Better situations are desirable, right? You figure they’ll let you work better; let you be more on top of your routine and be able to establish and maintain a rhythm that lets you get it done, whatever “it” is. It’s not a guarantee, though. It’s not much different when it comes to trades in sports, either. In particular, mid-season deals that lead to better situations for players often provide dubious outcomes at best. Case in point: Drew Pomeranz and the Red Sox.
When Pomeranz was acquired in mid July he was rolling through the best stretch of his career: 10.15 K/9, 2.47 ERA, 3.15 FIP, and he had already racked up 2.5 WAR through 17 starts. It was the other side of the coin in his next 13 with the Sox: 4.59 ERA, 4.78 FIP, less Ks, more than twice as many HR/9, and only .5 WAR.
All of this occurred as Pomeranz started throwing his new-found money pitch – a cutter – less and less. He added it at the start of the season and was using it to play between his four-seamer and curveball. In June, it accounted for as much as 20% of his pitches, and generated a near-equal amount of whiffs. In July, he threw it 17.36% of the time, then 12% in August, 9.35% in September, and barely at all in three October appearances.
Cutter usage shows by far the biggest difference in Pomeranz’s performance in Boston. The changes in his overall numbers are also easy to see. Another big difference between San Diego and Boston besides the cutter usage was Pomeranz’s BABIP. Despite working the plate in an almost identical way, it rose 66 points, from .240 to .306. Maybe that has you thinking, “Ahh, yes. That’s a big deal and explains a lot.” And it is a big deal – a spike like that is almost a lock to jack up a pitcher’s numbers. But I don’t know how much it explains by itself, because even .306 isn’t damning. Hell, Noah Syndergaard’s BABIP last year was .336.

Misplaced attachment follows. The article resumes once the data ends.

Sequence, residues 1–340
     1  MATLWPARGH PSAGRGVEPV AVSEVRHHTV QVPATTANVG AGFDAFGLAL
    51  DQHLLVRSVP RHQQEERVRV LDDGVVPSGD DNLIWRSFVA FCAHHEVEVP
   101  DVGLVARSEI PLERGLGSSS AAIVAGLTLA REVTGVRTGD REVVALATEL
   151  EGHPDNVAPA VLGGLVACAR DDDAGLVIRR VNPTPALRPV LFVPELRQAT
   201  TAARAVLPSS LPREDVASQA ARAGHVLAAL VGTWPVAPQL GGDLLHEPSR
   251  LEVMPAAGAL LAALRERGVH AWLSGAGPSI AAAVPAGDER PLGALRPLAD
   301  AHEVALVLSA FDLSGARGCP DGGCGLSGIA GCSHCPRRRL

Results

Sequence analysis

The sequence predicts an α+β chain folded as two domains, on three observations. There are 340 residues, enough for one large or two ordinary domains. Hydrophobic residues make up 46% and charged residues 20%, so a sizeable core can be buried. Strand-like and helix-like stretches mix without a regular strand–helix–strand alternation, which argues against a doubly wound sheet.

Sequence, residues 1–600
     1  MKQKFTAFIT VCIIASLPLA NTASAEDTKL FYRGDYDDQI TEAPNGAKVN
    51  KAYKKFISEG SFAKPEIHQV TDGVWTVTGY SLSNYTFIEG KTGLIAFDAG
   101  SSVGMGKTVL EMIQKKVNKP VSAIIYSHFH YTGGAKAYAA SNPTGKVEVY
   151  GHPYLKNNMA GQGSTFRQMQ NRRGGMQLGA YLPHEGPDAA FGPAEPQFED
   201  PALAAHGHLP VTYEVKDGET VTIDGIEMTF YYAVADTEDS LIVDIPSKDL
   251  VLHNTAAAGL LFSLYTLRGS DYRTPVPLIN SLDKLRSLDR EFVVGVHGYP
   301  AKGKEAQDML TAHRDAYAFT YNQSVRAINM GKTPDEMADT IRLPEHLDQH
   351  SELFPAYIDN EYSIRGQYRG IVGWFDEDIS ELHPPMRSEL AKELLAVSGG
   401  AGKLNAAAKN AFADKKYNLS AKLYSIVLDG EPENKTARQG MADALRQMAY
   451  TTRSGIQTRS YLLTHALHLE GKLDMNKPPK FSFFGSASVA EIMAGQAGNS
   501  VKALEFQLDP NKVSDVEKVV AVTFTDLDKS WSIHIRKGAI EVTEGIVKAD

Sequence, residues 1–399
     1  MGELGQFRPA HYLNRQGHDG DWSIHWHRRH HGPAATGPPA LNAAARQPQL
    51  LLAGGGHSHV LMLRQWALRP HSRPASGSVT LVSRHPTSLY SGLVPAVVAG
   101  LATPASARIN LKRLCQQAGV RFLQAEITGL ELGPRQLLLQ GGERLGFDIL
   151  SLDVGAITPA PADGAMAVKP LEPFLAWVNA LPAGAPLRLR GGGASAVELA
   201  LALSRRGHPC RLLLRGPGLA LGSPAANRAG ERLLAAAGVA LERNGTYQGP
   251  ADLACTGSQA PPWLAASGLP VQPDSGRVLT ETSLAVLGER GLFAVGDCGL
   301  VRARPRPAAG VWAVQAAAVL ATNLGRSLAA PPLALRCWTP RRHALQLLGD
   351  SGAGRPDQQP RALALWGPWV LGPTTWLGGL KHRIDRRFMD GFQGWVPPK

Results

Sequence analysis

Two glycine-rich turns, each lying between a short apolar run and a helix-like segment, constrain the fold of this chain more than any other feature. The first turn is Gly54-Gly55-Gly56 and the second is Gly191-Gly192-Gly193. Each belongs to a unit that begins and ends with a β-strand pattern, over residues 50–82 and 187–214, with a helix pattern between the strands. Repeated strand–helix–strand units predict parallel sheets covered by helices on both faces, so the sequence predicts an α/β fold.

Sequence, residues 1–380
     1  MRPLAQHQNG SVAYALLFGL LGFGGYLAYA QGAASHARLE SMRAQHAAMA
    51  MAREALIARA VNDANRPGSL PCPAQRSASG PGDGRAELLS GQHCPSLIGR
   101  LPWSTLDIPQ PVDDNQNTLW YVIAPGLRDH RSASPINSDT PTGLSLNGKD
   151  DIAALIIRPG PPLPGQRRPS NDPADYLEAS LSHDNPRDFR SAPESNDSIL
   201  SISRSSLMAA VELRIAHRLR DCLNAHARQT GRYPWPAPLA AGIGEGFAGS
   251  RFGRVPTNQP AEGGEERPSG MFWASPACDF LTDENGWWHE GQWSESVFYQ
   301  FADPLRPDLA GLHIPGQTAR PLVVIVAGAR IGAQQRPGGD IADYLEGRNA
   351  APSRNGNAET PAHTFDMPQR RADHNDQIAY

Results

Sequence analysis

About how he worked the plate: a couple numbers differ. His o-contact% went up 4.1% with Boston, from 55.9 to 60. Opponents also generated 8% more hard contact against him, with that number going from 28% to 36%. But neither of these are likely to turn a pitcher’s game on its head. It’s curious that as he phased out the cutter, his peripherals took relatively small dings, but the results were so dramatic.
There’s a theory about cutters out there that says they sap fastball velocity. Whether it’s true or not is debatable, but it seems grip might have an impact – whether the pitcher holds it more like a slider or a fastball. Pomeranz’s average fastball velocity, by month, was up and down all year. (I’m ignoring October because those appearances were in relief and he didn’t have to try to go deep in the game.) It was also at its lowest the month after he threw the most cutters, and during the one where he threw the second most cutters. He generated a bunch less whiffs from cutters between those months, too. Anecdotally, Pomeranz seems to reinforce the notion that the pitch could make a fastball sluggish. He introduces a particular wrench, though. He threw a career-high 170.2 innings in 2016, which is more than 50 additional frames than he ever had. Maybe stamina played a role in performance.
Regardless what happened with the cutter, Pomeranz became more predictable. By slowly eliminating it, he went back to being the two-pitch pitcher with middling results that he’s been through his whole career. While he’s slotted in as a back end starter in Boston right now, finding the sweet spot with his cutter usage could make him much more than that in an already stacked rotation.